To a jittery population that is cold comfort. In our existential dread we thrash about for people to blame: the left, the right, Muslims, refugees, feminists, believers, unbelievers, terrorists and that reliable old omnibus – political correctness. The one thing we all agree on is that the future looks alarming and unpredictable. We are, we believe, in uncharted waters.

But perhaps that is not so. Perhaps human beings have been through something like this before.

Final words of warning from Andrés Miguel Rondón, In Venezuela, we couldn’t stop Chávez. Don’t make the same mistakes we did.

The recipe for populism is universal. Find a wound common to many, find someone to blame for it, and make up a good story to tell. Mix it all together. Tell the wounded you know how they feel. That you found the bad guys. Label them: the minorities, the politicians, the businessmen. Caricature them. As vermin, evil masterminds, haters and losers, you name it. Then paint yourself as the savior. Capture the people’s imagination. Forget about policies and plans, just enrapture them with a tale. One that starts with anger and ends in vengeance. A vengeance they can participate in.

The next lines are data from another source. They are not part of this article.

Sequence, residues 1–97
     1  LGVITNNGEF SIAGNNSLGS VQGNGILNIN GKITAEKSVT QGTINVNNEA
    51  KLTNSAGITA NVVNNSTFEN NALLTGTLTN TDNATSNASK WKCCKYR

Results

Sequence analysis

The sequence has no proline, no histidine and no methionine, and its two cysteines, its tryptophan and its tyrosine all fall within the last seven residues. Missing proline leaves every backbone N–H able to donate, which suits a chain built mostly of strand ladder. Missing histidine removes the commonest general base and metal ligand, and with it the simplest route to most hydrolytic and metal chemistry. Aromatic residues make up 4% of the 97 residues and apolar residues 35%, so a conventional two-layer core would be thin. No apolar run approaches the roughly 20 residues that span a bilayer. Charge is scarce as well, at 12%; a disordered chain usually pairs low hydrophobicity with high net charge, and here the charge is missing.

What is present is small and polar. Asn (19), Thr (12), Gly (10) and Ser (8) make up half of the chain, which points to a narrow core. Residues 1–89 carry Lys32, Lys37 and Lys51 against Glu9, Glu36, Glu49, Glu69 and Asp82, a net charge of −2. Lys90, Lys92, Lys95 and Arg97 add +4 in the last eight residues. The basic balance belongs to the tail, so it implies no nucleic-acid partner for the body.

That’s how it becomes a movement. There’s something soothing in all that anger. Populism is built on the irresistible allure of simplicity. The narcotic of the simple answer to an intractable question. The problem is now made simple.

If we look at all those threads, we can see the interweaving. For days I had been thinking of Mugabe and seeing Trump as the Western version. Then I read about Chávez.

As Frum highlights in his article, it is not now we need to worry about – it is in four, five, six years time. Unless we stop it now. Unless the American people stop it NOW.

There is a another article which is the match that will light the flames: in these days of fake news, however, I am wary. While the article is reported in many places, I can’t find it on a mainstream website such as Washington Post – but then, does that mean anything these days?